Mesostruma

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Mesostruma
Mesostruma turneri
Scientific classification
Kingdom: Animalia
Phylum: Arthropoda
Class: Insecta
Order: Hymenoptera
Family: Formicidae
Subfamily: Myrmicinae
Tribe: Attini
Genus: Mesostruma
Brown, 1948
Type species
Strumigenys (Epopostruma) turneri, now Mesostruma turneri
Diversity
9 species
(Species Checklist)

Mesostruma turneri casent0172478 profile 1.jpg

Mesostruma turneri

Mesostruma turneri casent0172478 dorsal 1.jpg

Specimen Label

Evolutionary Relationships
Attini

Ochetomyrmex (2 species), Tranopelta (2 species)




Allomerus (8 species), Blepharidatta (4 species), Diaphoromyrma (1 species), Lachnomyrmex (16 species), Wasmannia (11 species)









Acanthognathus
  (7 species)





Daceton
  (2 species)



Lenomyrmex
  (7 species)





Microdaceton
  (4 species)




Orectognathus
  (29 species)




Colobostruma
  (16 species)




Epopostruma
  (19 species)



Mesostruma
  (9 species)










Acromyrmex (62 species), Apterostigma (44 species), Atta (19 species), Cyatta (1 species), Cyphomyrmex (23 species), Kalathomyrmex (1 species), Mycetophylax (21 species), Mycetagroicus (4 species), Mycetarotes (4 species), Mycetosoritis (2 species), Mycocepurus (6 species), Myrmicocrypta (31 species), Sericomyrmex (11 species), Trachymyrmex (49 species), Xerolitor (1 species)



Basiceros (8 species), Cephalotes (119 species), Eurhopalothrix (53 species), Octostruma (34 species), Phalacromyrmex (1 species), Pheidole (1,141 species), Pilotrochus (1 species), Procryptocerus (45 species), Protalaridris (7 species), Rhopalothrix (16 species), Strumigenys (836 species), Talaridris (1 species)










Based on Ward et al. (2014), Blaimer et al. (2018) and Li et al. (2018).

These uncommon ants form small colonies in soil, usually under or between rocks. They are predacious, foraging primarily on the ground in leaf litter but also occasionally on low vegetation. The genus is restricted to Australia.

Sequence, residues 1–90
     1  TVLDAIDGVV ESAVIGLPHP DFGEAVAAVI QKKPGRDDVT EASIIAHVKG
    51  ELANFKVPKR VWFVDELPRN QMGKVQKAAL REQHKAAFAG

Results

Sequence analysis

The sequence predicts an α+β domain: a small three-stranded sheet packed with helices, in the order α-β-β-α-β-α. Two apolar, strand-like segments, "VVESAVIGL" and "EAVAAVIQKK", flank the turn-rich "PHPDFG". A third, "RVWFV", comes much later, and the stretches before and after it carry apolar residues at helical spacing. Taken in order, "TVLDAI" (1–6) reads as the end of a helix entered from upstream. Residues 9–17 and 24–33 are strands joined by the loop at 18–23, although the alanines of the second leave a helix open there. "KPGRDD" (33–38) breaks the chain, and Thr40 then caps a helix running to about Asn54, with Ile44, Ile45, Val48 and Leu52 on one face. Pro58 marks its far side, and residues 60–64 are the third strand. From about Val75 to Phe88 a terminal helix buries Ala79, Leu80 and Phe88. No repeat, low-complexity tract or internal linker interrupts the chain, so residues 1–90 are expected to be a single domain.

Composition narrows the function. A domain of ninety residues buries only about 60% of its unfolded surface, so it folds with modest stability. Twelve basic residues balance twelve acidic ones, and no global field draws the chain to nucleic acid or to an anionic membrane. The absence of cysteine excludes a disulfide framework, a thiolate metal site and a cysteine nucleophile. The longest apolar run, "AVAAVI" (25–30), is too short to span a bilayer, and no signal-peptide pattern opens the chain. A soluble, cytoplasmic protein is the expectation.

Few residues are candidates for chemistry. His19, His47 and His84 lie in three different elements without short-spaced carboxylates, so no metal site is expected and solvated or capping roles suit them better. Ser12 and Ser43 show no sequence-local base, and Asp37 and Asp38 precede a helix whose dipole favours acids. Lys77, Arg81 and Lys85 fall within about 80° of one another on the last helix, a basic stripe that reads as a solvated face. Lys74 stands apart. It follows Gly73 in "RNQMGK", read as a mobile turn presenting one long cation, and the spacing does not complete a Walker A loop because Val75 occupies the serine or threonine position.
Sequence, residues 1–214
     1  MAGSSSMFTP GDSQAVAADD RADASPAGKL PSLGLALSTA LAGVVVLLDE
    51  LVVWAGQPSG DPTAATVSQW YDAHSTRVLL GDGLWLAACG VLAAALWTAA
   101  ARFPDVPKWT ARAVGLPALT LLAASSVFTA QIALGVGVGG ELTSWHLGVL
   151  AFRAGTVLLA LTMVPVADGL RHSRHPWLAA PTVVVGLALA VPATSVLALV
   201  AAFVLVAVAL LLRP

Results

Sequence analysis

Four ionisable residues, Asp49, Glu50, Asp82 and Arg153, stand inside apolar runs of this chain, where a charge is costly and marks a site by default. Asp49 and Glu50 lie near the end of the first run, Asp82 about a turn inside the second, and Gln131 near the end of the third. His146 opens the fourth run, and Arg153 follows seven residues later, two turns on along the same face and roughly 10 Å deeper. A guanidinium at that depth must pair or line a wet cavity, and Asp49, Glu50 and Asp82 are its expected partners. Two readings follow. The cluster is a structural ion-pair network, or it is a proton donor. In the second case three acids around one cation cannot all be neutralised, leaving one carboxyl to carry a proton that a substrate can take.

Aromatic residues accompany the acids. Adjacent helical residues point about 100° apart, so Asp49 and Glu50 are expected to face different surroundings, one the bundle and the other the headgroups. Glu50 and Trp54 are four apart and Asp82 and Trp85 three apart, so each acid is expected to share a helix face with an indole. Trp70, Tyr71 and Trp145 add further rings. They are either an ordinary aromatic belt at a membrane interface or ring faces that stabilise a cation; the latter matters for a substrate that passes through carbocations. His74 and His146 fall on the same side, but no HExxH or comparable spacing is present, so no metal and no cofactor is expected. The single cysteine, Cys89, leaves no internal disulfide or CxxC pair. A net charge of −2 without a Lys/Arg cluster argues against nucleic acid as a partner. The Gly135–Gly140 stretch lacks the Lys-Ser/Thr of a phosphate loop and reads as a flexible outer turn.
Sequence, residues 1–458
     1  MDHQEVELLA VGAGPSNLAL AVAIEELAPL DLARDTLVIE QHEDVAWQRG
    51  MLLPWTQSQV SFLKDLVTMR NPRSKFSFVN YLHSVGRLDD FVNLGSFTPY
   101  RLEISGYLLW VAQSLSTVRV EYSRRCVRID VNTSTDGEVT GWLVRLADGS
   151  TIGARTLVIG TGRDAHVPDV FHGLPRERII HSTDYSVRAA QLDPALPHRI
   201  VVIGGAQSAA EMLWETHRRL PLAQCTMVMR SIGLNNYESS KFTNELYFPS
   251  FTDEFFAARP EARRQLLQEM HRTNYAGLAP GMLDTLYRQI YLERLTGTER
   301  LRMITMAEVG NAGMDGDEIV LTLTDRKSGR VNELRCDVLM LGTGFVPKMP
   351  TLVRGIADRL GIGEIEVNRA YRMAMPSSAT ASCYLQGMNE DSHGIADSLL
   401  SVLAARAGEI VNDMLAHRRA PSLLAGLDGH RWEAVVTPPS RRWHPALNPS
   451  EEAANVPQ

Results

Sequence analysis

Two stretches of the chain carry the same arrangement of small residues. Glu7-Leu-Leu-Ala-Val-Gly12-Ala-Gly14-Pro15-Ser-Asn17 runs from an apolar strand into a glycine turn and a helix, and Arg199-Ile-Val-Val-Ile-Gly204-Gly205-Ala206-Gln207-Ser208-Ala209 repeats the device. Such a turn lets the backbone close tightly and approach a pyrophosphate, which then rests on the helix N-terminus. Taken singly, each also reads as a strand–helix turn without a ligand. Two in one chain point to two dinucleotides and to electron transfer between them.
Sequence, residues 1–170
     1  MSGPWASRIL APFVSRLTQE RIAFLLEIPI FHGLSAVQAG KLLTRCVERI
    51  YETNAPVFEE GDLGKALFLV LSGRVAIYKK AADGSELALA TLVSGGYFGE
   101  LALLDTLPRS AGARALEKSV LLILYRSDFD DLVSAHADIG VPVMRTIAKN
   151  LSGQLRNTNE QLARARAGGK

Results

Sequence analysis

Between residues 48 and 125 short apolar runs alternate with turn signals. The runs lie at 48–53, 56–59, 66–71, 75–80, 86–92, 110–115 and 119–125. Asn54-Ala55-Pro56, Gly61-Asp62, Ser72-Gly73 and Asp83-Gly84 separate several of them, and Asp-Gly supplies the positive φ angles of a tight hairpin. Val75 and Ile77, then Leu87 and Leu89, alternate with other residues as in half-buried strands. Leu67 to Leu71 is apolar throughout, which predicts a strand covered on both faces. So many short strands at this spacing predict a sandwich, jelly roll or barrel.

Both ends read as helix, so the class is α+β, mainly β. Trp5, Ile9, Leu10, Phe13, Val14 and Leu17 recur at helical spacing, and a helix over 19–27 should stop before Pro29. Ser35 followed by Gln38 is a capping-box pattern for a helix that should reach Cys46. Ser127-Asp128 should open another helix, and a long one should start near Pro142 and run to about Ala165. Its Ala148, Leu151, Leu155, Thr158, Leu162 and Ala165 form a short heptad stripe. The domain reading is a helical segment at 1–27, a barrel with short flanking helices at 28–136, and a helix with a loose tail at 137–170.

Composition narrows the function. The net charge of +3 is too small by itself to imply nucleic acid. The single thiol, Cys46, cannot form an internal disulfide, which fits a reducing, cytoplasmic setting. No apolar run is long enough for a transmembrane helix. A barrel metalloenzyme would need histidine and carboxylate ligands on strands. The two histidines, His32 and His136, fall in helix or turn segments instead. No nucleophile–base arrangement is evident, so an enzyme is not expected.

Identification

The antennae are 6 segmented (including the scape). The sides of the petiole are rounded while the sides of the postpetiole are either armed with thin, wing-like flanges (best viewed from above) or are rounded.

Workers of Mesostruma are most similar to workers of Colobostruma. They differ in that Mesostruma has wing-like flanges (when present) only on the postpetiole while flanges are present on both the petiole and postpetiole in Colobostruma.

Keys including this Genus

Keys to Species in this Genus

Distribution

World distribution based on political regions. View/Edit Data
Mesostruma Distribution.png Worlddistribution legend.jpg

Species richness

Species richness by country based on regional taxon lists (countries with darker colours are more species-rich). View Data

Mesostruma Species Richness.png

Biology

Heterick (2009) - These attractive little ants are seldom collected, although several species appear to be reasonably common and have been found in bark traps in mixed Wandoo and Jarrah-Marri woodland in south- western Australia. Perhaps the best time to see them is in the evening, night or early morning when they can typically be found foraging on the lower trunks of eucalypts.

Castes

Nomenclature

The following information is derived from Barry Bolton's New General Catalogue, a catalogue of the world's ants.

  • MESOSTRUMA [Myrmicinae: Dacetini]
    • Mesostruma Brown, 1948e: 118. Type-species: Strumigenys (Epopostruma) turneri, by original designation.
    • Mesostruma junior synonym of Colobostruma: Baroni Urbani & De Andrade, 1994: 15; Baroni Urbani & De Andrade, 2007: 94.
    • Mesostruma revived status as genus: Bolton, 1995b: 35; Bolton, 1999: 1680; Shattuck, 2000: 47.

Worker

Shattuck (2000) -

With characters of the epopostrumiform genus group......

Palp formula 5 , 3.

Labrum large or very large, forming a massive shield in Colobostruma and Mesostruma that can reflex tightly over the labio-maxillary complex and completely cover the buccal cavity; somewhat smaller in Epopostruma where it covers approximately the apical half of the labio-maxillary complex.